Hijazi said, “We waited a while trying to be not too antagonizing – not that it’s a crime to be an American, but we didn’t want to reinforce the impression. We hoped this would self-correct.”
“But Aya has a law degree. A few times she would try to say something just on her own behalf and the courts wouldn’t even permit that.”
Hijazi said, “We don’t have any faith in the judiciary. “
When Hijazi’s family lost hope they eventually approached US officials, petitioned the United Nations working group on arbitrary detention and, finally, spoke to the press.
The Guardian reported that, “Neither the White House nor the state department nor the Egyptian embassy in Washington responded to questions about the case, but Barack Obama’s administration has called for Hijazi’s release, if in muted terms.”
In September, the Hijazi’s family met Washington’s UN ambassador, Samantha Power, and Avril Haines, one of Obama’s national security advisers, who “reiterated the president’s deep concern for the welfare of all American citizens held abroad”, according to a White House statement.
The White House said, “The United States will continue to offer her all possible consular support.” It added, “The United States calls on the Egyptian government to drop all charges against Hijazi and release her from prison.”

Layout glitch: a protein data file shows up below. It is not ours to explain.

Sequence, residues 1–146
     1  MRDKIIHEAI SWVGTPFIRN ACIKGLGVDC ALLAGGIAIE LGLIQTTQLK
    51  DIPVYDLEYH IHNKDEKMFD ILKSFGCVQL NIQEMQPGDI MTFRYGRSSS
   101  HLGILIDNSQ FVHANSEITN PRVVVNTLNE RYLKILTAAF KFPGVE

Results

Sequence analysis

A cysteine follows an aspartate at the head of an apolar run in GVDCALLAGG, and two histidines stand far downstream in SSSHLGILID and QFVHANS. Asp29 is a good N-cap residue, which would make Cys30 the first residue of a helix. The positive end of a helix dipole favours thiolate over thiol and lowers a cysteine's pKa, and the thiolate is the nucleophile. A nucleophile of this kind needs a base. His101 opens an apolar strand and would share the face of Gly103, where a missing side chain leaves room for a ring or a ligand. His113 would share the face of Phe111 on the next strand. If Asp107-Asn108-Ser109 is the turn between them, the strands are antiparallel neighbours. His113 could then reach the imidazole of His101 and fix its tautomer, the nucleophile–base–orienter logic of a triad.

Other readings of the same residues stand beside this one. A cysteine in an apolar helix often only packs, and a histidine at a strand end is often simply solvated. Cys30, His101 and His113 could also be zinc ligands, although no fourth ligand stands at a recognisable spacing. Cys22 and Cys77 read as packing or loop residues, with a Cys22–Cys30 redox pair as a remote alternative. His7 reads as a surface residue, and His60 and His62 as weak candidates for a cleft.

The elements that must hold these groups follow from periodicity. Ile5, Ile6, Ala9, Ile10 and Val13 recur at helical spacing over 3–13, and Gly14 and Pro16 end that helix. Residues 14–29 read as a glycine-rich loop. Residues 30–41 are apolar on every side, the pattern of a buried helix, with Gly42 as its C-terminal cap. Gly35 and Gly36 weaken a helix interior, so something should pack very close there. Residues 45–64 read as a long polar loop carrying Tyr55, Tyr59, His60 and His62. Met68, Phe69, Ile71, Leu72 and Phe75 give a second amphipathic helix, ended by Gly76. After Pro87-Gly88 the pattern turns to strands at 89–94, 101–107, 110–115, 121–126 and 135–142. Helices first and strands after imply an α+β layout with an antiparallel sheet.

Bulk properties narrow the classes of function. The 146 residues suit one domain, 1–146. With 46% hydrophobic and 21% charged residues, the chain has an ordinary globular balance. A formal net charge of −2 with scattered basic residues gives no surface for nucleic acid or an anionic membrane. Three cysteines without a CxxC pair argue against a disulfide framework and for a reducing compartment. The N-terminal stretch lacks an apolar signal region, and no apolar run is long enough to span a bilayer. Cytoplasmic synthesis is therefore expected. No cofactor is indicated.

In the same context, US senators and representatives, led by the Virginia representative Don Beyer, have urged Obama and Sisi to secure the Belady group’s release as a means to improve ties between the US and Egypt.
Last month, Senator Patrick Leahy of Vermont said, “The charges against them are as salacious as they are farcical.” He added, “She and the others should be immediately released. Absent proof, made available for all to see, that they have committed a punishable offense, the charges should be dismissed.”
Furthermore, during Abdel Fattah Al-Sisi’s visit to the United Nations general assembly in New York that same month, presidential candidate Hillary Clinton also called for Hijazi’s release.
Moreover, human rights organizations have condemned the detention and said it falls within a larger campaign against aid and civil rights workers.
The Washington director of Human Rights Watch Sarah Margon said “From everything we can tell, it’s ridiculous.” She added, “She’s been held in conditions that are worrisome, denied medicines that she needs, and there’s no reason for her to be there. The charges against her should be dropped and she should be sent home.”
“She got swept up into this excessively heavy handed approach by the Sisi government to go after a whole range of actors. So while the work she was doing was for children, development oriented, it seems very likely that she was lumped in with a campaign against NGOs, human rights organizations and in some cases even against difficulties with western governments.”
According to Amnesty International, more than 40,000 have been detained in Egypt’s prions since 2013 military coup, many tortured or detained without trial or legal counsel.
“In a way, we’re lucky that she’s not been tortured,” McMullen said. “We’re quite aware of the relative privilege but it’s sad that we have to be grateful.”